With the release of iOS 16.4, Apple has brought the fantastic Voice Isolation feature from FaceTime to cellular calls on iPhone.
With iOS 15, released in 2021, Apple brought Voice Isolation to VoIP calls like FaceTime and Skype. The feature uses machine learning to drown out background noise and block out any microphone interference to make your call sound better than ever.
Now, with iOS 16.4, regular cellular phone calls on iPhone also get the almost-magical microphone feature, so you never have to apologize for roadworks during a call again.
Here’s how to enable Voice Isolation on cellular calls on an iPhone running iOS 16.4.
How to enable Voice Isolation on cellular calls on iPhone
- Make a phone call in the Phone app
- Once the other person has answered, pull down Control Center by swiping down from the top right corner of your iPhone
- Tap Mic Mode
- Select Voice Isolation
After following these simple steps once, Voice Isolation will be activated by default in all future calls. However, if you find that the microphone quality is too pristine and loses some natural qualities, you can revert to the Standard option by following the same steps.
More to come?
When Voice Isolation was initially released, it came as part of a suite of microphone-enhancing features for VoIP calls. One of the other microphone modes made available at the time was a Wide Spectrum mode which essentially captures more background audio, the opposite of Voice Isolation. Wide Spectrum is fantastic for when you want to let someone hear a song at a concert or someone speaking in the background.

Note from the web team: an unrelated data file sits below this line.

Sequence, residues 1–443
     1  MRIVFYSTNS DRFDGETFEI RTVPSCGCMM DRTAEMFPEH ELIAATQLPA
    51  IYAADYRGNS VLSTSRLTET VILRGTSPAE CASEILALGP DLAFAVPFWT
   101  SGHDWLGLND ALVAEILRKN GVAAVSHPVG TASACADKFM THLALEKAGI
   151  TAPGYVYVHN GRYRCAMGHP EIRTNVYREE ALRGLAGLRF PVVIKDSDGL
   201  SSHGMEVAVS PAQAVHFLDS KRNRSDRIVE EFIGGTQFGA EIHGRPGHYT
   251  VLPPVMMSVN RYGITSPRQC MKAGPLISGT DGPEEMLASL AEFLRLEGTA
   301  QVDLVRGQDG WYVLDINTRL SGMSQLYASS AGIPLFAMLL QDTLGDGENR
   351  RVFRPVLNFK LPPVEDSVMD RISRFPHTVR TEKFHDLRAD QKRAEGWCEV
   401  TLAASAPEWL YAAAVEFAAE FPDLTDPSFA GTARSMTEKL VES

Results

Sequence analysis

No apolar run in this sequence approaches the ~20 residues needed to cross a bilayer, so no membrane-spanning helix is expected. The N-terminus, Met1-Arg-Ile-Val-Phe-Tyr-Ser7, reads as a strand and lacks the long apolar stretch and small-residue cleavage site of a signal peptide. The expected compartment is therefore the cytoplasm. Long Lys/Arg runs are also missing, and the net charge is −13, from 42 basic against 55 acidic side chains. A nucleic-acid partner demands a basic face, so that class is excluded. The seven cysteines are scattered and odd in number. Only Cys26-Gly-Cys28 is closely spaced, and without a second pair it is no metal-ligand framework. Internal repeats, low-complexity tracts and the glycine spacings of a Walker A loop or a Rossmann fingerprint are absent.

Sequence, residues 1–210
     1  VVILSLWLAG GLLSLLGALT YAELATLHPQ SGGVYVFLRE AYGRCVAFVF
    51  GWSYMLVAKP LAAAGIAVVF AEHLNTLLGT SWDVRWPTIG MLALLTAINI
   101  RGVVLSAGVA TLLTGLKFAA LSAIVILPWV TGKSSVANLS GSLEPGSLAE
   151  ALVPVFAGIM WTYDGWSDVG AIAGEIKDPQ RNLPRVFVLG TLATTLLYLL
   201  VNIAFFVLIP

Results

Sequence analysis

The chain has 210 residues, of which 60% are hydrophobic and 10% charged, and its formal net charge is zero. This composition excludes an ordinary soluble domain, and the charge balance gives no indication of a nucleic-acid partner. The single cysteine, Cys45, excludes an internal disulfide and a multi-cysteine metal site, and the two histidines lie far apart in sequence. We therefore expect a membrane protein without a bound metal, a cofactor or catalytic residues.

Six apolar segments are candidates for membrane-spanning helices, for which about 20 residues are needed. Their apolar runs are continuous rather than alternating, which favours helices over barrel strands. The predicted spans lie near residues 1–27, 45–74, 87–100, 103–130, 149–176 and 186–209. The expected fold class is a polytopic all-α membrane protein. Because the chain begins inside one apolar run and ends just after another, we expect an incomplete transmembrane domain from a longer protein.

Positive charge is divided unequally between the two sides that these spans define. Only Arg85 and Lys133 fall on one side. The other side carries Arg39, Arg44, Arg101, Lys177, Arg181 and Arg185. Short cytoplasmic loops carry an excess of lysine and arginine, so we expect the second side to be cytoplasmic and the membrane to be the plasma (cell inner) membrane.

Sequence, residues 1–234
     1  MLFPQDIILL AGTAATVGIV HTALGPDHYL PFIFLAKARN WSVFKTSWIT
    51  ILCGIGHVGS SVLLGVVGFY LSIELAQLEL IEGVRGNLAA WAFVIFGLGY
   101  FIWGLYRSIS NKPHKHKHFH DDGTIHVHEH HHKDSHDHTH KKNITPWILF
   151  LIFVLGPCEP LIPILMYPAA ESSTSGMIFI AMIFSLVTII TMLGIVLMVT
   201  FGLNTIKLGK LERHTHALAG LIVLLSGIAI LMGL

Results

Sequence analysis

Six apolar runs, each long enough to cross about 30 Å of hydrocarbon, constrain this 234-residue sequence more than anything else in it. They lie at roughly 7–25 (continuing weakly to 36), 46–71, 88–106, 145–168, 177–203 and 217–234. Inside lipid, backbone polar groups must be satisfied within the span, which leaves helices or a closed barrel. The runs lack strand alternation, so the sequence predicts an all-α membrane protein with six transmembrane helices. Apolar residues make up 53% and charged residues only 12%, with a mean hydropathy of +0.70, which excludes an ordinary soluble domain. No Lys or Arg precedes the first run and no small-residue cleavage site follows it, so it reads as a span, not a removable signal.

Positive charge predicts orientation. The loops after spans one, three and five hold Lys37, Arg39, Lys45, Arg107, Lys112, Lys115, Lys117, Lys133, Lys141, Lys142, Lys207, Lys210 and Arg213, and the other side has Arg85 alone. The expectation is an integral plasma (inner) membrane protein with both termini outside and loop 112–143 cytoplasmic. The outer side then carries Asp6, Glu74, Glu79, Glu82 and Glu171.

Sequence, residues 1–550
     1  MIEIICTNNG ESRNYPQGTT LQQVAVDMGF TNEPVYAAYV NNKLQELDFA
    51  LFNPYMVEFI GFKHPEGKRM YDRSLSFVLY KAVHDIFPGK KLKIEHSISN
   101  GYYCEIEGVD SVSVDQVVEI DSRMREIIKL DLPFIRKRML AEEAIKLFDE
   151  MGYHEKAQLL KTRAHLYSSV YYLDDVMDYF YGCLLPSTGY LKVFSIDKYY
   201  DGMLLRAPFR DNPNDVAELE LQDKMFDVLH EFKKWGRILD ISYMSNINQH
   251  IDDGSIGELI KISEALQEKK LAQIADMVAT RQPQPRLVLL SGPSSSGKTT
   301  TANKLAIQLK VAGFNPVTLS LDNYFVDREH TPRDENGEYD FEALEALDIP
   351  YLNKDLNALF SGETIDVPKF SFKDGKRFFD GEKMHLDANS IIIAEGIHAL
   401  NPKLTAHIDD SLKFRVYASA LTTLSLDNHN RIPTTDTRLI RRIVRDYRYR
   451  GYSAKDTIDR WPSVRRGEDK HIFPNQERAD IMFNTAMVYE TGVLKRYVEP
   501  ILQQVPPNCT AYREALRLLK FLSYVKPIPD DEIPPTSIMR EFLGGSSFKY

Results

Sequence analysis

Currently, Wide Spectrum isn’t available for cellular phone calls, but with the addition of Voice Isolation for cellular calls in iOS 16.4, we could see additional microphone options when iOS 17 is released later this year.
Until then, the latest update for your iPhone has improved your microphone quality across all phone calls so that people on the end of the line will think you’ve got the best iPhone on the market, even if you’ve not upgraded in several years.
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John-Anthony Disotto is the How To Editor of iMore, ensuring you can get the most from your Apple products and helping fix things when your technology isn’t behaving itself.
Living in Scotland, where he worked for Apple as a technician focused on iOS and iPhone repairs at the Genius Bar, John-Anthony has used the Apple ecosystem for over a decade and prides himself in his ability to complete his Apple Watch activity rings.
John-Anthony has previously worked in editorial for collectable TCG websites and graduated from The University of Strathclyde where he won the Scottish Student Journalism Award for Website of the Year as Editor-in-Chief of his university paper. He is also an avid film geek, having previously written film reviews and received the Edinburgh International Film Festival Student Critics award in 2019.
John-Anthony also loves to tinker with other non-Apple technology and enjoys playing around with game emulation and Linux on his Steam Deck.
In his spare time, John-Anthony can be found watching any sport under the sun from football to darts, taking the term “Lego house” far too literally as he runs out of space to display any more plastic bricks, or chilling on the couch with his French Bulldog, Kermit.